This morning, I tweeted the message below without much context:
With the 280 character limit of Twitter (hard to believe it used to be 140), sometimes it’s difficult to fully express an idea or the context behind it and instead of trying to create a messy, multi-threaded tweet, I just left it there as food for thought. But here on my blog, I can elaborate further on why this situation stood out to me and how it applies to you, the reader, who’s most likely in an IT related role.
This is not meant to be a bash post or anything like that, but more of a “public service announcement” for anyone who might have to deal with this scenario in the future and cannot find a ton of info online; I know I couldn’t.
I was on a work-related call today regarding a project to bring in a vendor that was going to leverage the 5 GHz Wi-Fi channels that we typically leave out of our channel plans for their own autonomous Wi-Fi network to provide connectivity for their client devices. Those unused channels are in the UNII-2e (or UNII-2C for the initiated) band, specifically 112-132. That’s not a small amount of spectrum that we give up, but we do it as part of our partnership with vendors who need the spectrum in order to provide their own networks for their solutions. I know what you’re thinking… We picked those specific channels because traditionally they’ve been known to have more problems than others with DFS events, but I can neither confirm nor deny that! Those channels were selected before my time here so I’ll claim plausible deniability on that one :). Anyway, nothing new for us there and back to the story…
It was noted on the call that Meraki does not allow channels 116-132 to be used and my antennas (wireless pun) immediately went up. “Hold up, flag on the play! That CAN’T be right. Are you sure?” is what I was thinking to myself. Admittedly, while I have worked on some Meraki tasks and troubleshot a few things since starting here, I have not completely delved into the world of Meraki to say much, if anything, definitively about their solution. So I kept my mouth shut and scrambled to log into our Meraki dashboard, trying to confirm what was said by someone who wasn’t even on our team; surely they had to be mistaken. And then I saw it…
I’ve been doing less and less Python development since moving to a new company back in June. At my previous employer, I worked on Python command-line scripts and a custom-built web app fairly often that assisted with daily, monotonous tasks as well as troubleshooting. I really enjoyed the process of learning more about Python and developing tools that helped not just myself, but also my team.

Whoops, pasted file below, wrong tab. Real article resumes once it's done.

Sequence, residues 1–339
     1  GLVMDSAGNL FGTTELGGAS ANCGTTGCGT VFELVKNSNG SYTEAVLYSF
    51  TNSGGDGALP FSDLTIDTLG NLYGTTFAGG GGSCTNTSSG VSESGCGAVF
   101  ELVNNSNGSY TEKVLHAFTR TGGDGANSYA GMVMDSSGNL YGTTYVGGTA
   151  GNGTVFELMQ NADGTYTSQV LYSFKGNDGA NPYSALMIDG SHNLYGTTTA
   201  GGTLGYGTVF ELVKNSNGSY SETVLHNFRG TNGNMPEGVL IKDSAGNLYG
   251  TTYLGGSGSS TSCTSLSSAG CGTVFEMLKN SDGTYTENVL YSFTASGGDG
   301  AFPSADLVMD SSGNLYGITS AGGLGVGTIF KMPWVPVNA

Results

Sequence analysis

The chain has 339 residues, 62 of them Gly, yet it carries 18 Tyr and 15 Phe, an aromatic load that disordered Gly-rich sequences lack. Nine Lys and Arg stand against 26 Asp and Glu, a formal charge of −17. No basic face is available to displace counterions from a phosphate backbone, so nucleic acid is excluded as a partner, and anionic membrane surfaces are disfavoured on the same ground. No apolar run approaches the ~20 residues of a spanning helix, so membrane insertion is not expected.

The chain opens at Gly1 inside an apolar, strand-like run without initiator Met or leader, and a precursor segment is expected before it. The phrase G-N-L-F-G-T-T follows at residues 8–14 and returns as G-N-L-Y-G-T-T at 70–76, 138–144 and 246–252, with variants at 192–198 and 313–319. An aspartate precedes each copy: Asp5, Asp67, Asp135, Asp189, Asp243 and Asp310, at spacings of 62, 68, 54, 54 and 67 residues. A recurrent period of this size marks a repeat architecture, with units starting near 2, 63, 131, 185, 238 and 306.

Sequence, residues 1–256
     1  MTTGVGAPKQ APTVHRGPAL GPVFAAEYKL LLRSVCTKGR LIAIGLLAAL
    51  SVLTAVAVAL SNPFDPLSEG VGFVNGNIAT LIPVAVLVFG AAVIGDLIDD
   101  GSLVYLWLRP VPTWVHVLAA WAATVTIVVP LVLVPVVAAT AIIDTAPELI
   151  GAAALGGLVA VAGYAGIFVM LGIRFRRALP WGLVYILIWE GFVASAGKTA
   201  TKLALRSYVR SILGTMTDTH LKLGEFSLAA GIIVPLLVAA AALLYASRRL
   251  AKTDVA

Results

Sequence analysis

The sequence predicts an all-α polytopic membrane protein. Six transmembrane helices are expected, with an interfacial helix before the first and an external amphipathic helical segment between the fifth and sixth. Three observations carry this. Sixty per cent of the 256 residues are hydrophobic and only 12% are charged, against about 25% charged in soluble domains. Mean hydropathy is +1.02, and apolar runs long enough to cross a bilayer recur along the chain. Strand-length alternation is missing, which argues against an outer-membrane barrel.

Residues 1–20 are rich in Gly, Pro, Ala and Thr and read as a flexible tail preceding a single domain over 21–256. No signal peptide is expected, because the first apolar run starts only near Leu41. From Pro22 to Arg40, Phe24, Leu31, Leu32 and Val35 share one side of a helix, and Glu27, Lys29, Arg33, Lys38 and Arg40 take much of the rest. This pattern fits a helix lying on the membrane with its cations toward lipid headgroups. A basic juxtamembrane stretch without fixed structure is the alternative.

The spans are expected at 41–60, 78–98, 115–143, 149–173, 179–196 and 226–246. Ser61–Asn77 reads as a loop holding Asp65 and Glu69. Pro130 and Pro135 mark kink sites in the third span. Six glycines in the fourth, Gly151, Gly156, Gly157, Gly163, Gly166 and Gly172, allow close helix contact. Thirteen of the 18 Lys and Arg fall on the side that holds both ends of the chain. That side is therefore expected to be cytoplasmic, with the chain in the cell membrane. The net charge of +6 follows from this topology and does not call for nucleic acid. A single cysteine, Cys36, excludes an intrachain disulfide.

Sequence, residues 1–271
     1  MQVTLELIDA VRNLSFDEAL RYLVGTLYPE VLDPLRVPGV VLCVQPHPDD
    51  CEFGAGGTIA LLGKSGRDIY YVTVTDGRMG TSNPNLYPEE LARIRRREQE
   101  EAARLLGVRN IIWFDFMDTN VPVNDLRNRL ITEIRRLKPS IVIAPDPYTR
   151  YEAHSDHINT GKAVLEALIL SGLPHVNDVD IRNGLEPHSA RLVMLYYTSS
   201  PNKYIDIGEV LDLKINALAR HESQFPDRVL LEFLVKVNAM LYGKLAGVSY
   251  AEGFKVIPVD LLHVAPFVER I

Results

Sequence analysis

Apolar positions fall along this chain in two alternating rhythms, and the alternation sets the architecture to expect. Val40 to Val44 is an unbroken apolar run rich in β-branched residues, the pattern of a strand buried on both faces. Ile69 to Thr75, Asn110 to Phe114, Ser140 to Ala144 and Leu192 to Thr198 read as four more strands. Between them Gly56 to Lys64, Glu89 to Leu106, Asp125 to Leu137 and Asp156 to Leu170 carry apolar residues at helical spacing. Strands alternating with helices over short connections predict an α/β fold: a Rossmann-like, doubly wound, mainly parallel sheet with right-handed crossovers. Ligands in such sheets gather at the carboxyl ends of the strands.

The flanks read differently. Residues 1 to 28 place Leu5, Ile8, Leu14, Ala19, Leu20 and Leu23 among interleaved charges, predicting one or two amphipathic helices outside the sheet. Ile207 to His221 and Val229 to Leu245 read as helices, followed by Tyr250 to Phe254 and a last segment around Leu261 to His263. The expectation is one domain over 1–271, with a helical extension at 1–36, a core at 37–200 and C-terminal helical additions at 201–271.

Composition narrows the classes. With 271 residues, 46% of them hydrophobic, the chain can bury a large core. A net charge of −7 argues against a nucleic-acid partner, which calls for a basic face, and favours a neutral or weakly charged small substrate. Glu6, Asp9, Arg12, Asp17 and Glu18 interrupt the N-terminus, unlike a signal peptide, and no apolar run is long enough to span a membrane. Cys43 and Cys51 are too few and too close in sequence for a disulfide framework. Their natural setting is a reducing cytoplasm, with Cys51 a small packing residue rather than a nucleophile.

So you’ve got that fancy new AP from VendorX with all the speeds and feeds, including multi-gigabit capability. Are you taking advantage of the increased speeds? How do you keep track of all your APs and the speeds they are linked up at? I found this interesting tidbit about LLDP when I was doing some investigation on an infrastructure insight that RUCKUS Analytics provides…
I was recently asked to do a predictive design for a warehouse. Sounds innocent enough, except the floor plan was a picture of the floor plan made in an Excel spreadsheet. Up until this point, I had never dealt with something like this, but it immediately reminded me of this exchange on Twitter between Eduard Petrov and Vasco Costa a day or two before receiving it:
Client fingerprinting, in my opinion, is one of those features that many people don’t think about until they either need it, want it, or it’s broken. It’s not as sexy as other Wi-Fi security related topics such as 802.1X or micro segmentation and it’s certainly not going to prevent a client from operating correctly on the network if it’s not available (or can it?). However, it does help provide insight into your Wi-Fi client base which can be valuable in terms of knowing what device or devices are popular and making sure your Wi-Fi supports them well. Additionally, it is possible to tie access controls to clients by their device type which can affect what they are able to do on the network. With that said, it’s probably worth knowing how client devices are identified from their manufacturer down to the OS version and more importantly, the methods your Wi-Fi vendor uses to identify them. In this post, I’m going to discuss how client fingerprinting is done in general, how RUCKUS does it, and how one method of fingerprinting that we use today is changing due to security concerns.
No, I’m not quitting my career as an IT professional to start a R&B group, but hopefully the title of my blog post captured your attention enough to get you here. Now let me explain.
Earlier this year, RUCKUS released SmartZone (SZ) 6.0. There were many new features and improvements like a completely redesigned web UI for example, but another minor feature made the cut as well: AP Hostname Advertisement